Chronic Migraine: Epidemiology and Disease Burden
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Chronic migraine is a common and disabling complication of migraine with a population prevalence of about 2%. Emerging evidence suggests that episodic migraine and chronic migraine differ not only in degree, but also in kind. Compared with patients with episodic migraine, those with chronic migraine have worse socioeconomic status, reduced health-related quality of life, increased headache-related burden (including impairment in occupational, social, and family functioning), and greater psychiatric and medical comorbidities. Each year, approximately 2.5% of patients with episodic migraine develop new-onset chronic migraine (ie, chronification). Understanding the natural disease course, improving treatment and management, and preventing the onset could reduce the enormous individual and societal burden of chronic migraine, and thus, have become important goals of headache research. This review provides a summary of the history of nomenclature and diagnostic criteria, as well as recent studies focusing on the epidemiology, natural history, and burden of chronic migraine.
KeywordsChronic migraine Episodic migraine Epidemiology Burden Prevalence Natural history Comorbidities Health-related quality of life Resource utilization Headache impact
Dr. Aubrey N. Manack is a full-time employee of Allergan, Inc. Dr. Dawn C. Buse has served as a consultant to Allergan, and has received grants or has grants pending with Allergan, Merck Pharmaceuticals, Endo Pharmaceuticals, OrthoMcNeil Pharmaceuticals, and GlaxoSmithKline. Dr. Richard B. Lipton is a member of the advisory boards of Allergan, Merck, and MAP Pharmaceuticals, Inc.; has served as a consultant for Allergan; has received grants or has grants pending with Allergan, Merck Pharmaceuticals, GlaxoSmithKline, and Bristol-Myers Squibb; has received payment for manuscript preparation from Allergan; has received payment for the development of educational presentations from Allergan; and has received travel expense compensation from Allergan and Merck.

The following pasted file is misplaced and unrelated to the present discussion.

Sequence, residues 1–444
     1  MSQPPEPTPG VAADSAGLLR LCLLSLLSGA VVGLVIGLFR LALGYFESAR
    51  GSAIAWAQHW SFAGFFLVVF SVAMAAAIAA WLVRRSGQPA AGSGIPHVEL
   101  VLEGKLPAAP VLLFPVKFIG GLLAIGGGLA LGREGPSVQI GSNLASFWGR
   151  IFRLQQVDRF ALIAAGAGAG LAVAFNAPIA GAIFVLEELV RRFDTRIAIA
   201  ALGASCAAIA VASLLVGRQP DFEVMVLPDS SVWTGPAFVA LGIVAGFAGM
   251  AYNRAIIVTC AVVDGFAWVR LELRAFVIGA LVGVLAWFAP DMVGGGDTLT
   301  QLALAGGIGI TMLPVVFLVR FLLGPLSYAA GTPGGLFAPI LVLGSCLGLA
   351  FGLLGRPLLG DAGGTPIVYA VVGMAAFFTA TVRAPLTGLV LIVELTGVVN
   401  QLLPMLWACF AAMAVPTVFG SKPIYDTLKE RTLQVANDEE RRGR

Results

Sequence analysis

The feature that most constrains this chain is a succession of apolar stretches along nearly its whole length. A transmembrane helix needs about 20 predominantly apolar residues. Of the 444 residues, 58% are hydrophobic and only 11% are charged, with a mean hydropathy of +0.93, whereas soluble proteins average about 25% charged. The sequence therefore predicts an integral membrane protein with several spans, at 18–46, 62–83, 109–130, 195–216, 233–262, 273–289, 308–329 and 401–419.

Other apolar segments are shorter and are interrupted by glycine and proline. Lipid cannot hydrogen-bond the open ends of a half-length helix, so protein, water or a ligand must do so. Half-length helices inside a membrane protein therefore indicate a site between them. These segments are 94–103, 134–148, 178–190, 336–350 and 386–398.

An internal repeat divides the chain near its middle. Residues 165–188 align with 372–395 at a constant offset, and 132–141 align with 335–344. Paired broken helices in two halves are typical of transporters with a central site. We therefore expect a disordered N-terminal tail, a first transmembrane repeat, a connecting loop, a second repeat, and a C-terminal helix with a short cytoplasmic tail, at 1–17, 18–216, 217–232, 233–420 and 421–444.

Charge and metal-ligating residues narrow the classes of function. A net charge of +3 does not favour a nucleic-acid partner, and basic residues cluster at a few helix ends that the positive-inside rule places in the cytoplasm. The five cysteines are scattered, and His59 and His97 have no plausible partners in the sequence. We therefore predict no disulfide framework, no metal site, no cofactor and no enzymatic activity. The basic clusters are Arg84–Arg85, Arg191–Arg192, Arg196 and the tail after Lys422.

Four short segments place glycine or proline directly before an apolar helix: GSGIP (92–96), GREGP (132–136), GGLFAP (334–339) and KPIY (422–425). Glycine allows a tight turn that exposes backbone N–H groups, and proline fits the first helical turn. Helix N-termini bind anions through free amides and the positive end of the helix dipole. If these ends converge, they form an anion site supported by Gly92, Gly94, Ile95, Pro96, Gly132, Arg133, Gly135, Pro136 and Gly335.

Papers of particular interest, published recently, have been highlighted as: • Of importance •• Of major importance
- 11.•• Buse DC, Manack A, Serrano D, Turkel C, Lipton RB: Sociodemographic and comorbidity profiles of chronic migraine and episodic migraine sufferers. J Neurol Neurosurg Psychiatry 2010, 81:428–432. This article provides new evidence regarding the sociodemographic and comorbidity profile associated with chronic migraine. Anxiety, depression, nonheadache chronic pain disorders, respiratory disorders including asthma, bronchitis and chronic obstructive pulmonary disease, and cardiac risk factors including hypertension, diabetes, high cholesterol, and obesity all were significantly more likely to be reported by patients with chronic migraine than by those with episodic migraine. Google Scholar
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- 38.Ashina S, Buse DC, Manack AN, Serrano D, Maizels M, Turkel C, Lipton RB. Depression: a risk factor for migraine chronification: results from the American Migraine Prevalence and Prevention (AMPP) Study. Neurology 74(Suppl 2):A113, 2010. Presented at the Annual Meeting of the American Academy of Neurology, April 13, 2010.Google Scholar
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- 49.•• Munakata J, Hazard E, Serrano D, Klingman D, Rupnow MF, Tierce J, Reed M, Lipton RB: Economic burden of transformed migraine: Results from the American Migraine Prevalence and Prevention (AMPP) study. Headache 2009, 49:498–508. This article highlights the economic burden that chronic migraine imposes on society in the United States.Google Scholar